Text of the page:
7 Surprising Traits That Make Millennials Excellent Employees
It happened without much fanfare. Three years ago, millennials overtook Gen Xers to become the largest generation in the workplace in the United States. In fact, millennials are now the largest generation in the country, and will remain so for the foreseeable future.
As a result, business leaders who want to succeed must understand this uniquely motivated cohort. Whereas previous generations might have been driven to uphold cultural norms or to rebel against them, millennials carry a mix of attitudes shaped by tremendous technological change and tumultuous political and social events.
Here are seven surprising things about millennials that will help you to better understand their key motivations. By learning their motivations, readers will be better able to serve this demographic as colleagues and as managers.
Millennials are a curious generation. They are excited to learn new skills, and are willing to invest the time in becoming better employees. Just take a look at the trillion-plus dollars in student loan debt millennials are willing to take on in order to expand their minds.
Companies that have successfully tapped into millennial workers have created career-development programs that help employees to grow at all times. PepsiCo, for example, recently launched a program that focused on providing employees with access to "critical experiences" rather than a simple ladder to the top.
Millennial workers don't want to feel as though they must toil away at the same job for years in order to earn a promotion, and thus an opportunity to learn new skills. PepsiCo solves this problem by creating a new path of professional growth.
Related: 11 Reasons Talented Millennials Get Fired
Young employees are often mocked by older business leaders for their belief that they are somehow different from everyone else. Older employees say that millennials were raised with unrealistic visions of the real world, thanks in part to participation trophies.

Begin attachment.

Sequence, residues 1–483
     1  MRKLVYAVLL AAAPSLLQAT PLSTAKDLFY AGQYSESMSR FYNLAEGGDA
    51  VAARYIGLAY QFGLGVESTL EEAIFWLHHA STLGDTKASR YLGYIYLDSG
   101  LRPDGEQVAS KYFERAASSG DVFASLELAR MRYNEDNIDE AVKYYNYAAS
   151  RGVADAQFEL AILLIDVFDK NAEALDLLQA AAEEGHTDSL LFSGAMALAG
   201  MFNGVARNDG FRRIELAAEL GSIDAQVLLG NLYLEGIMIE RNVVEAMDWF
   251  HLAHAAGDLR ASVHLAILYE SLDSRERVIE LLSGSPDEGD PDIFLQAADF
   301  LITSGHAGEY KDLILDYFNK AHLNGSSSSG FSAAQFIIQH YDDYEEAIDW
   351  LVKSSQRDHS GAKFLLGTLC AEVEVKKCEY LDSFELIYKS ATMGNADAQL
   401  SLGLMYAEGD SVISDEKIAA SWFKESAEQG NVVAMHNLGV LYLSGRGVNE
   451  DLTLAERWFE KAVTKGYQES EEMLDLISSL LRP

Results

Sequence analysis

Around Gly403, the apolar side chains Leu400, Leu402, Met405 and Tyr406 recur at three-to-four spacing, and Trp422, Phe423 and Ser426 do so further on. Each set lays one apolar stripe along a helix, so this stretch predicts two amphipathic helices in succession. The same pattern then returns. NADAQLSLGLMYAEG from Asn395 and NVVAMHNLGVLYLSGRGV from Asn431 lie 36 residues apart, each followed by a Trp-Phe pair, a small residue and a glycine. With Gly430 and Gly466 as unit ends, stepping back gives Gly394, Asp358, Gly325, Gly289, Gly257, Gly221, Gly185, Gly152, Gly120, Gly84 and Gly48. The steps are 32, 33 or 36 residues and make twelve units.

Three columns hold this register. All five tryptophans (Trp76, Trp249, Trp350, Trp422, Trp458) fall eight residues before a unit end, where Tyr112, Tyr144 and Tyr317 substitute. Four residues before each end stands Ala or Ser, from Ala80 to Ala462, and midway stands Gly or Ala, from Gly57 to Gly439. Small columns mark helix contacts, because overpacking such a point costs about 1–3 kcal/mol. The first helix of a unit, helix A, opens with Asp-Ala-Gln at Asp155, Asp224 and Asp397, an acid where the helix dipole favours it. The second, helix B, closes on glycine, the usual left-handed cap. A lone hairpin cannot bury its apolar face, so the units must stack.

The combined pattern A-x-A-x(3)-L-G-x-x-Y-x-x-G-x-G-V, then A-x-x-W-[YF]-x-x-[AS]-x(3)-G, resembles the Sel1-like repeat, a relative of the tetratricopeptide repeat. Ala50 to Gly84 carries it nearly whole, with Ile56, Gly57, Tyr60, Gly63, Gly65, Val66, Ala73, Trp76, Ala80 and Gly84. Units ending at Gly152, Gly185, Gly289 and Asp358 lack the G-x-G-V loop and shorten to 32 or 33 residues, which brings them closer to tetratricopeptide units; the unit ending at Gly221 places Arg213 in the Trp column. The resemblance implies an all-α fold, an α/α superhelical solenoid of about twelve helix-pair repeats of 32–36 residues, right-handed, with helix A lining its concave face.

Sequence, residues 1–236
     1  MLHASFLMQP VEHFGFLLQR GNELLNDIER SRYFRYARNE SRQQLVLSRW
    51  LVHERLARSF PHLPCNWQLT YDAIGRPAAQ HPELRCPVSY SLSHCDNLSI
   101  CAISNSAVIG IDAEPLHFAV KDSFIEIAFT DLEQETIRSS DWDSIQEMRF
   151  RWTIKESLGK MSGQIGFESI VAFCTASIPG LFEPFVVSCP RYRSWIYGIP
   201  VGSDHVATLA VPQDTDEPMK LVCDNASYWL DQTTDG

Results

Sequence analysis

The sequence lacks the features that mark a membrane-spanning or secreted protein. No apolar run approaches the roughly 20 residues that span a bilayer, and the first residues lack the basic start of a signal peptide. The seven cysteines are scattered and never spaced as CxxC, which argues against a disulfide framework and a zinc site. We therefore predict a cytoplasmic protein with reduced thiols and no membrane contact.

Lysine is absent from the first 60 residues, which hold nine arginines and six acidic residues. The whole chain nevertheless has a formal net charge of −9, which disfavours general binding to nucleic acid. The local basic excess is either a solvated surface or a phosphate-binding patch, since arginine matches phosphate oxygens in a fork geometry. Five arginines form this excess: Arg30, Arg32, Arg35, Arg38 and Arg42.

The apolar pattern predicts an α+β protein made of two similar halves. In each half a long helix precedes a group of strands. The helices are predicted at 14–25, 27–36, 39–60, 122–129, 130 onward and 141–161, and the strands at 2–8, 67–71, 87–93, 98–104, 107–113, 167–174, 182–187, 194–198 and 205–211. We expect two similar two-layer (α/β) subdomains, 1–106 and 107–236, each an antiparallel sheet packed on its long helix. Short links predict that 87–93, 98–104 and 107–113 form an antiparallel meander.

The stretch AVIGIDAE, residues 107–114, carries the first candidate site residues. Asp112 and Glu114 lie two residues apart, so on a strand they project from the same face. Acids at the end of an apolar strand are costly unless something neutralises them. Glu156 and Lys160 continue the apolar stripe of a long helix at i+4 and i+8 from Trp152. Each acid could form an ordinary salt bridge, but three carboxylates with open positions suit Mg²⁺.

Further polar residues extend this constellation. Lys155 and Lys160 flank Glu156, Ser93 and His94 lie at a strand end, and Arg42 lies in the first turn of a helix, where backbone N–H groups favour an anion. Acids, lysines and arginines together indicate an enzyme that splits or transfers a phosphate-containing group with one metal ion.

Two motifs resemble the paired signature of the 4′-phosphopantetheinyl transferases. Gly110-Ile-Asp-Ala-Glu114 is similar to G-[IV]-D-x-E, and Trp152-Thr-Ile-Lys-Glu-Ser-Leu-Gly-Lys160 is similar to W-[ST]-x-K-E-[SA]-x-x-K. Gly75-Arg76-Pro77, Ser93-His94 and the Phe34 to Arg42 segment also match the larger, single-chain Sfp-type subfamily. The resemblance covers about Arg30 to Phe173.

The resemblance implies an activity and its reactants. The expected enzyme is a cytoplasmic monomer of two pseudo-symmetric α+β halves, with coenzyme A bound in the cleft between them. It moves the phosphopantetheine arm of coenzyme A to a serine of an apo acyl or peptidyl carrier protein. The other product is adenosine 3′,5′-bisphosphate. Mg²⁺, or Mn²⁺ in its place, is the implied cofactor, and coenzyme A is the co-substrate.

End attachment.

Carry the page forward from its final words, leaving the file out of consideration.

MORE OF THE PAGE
But, the best businesses avoid mocking millennial beliefs. Companies like Azazie, a startup that creates wedding and bridesmaid dresses, encourage senior managers to take an individualized approach to managing millennial employees.
As Rachel Hogue, one Azazie manager, told Mashable: "Each of our employees is unique. It's my job to ensure they feel comfortable to step up, share an idea and spearhead new initiatives." Companies like Azazie have figured out that individuality drives millennial happiness, which has helped them build a strong millennial workforce.
It's important for business leaders to understand that millennial employees hold different personal and professional goals. In exchange for passionately investing their time to advance the interests of the company, millennials expect the company to help them succeed through individualized support.
Related: The Problem With Hiring Millennials Is Their Age, Not Their Generation
3. Social good
Businesses that offer millennial employees a compelling vision related to advancing a social issue will find success in motivating this generation. Salesforce is an example of a company that has successfully tapped into millennial energy through a variety of initiatives that encourage employees to give back.
Salesforce encourages employees to donate their time to charity, even during work hours, and has joined with a number of other companies in agreeing to donate 1 percent of company profits to charity.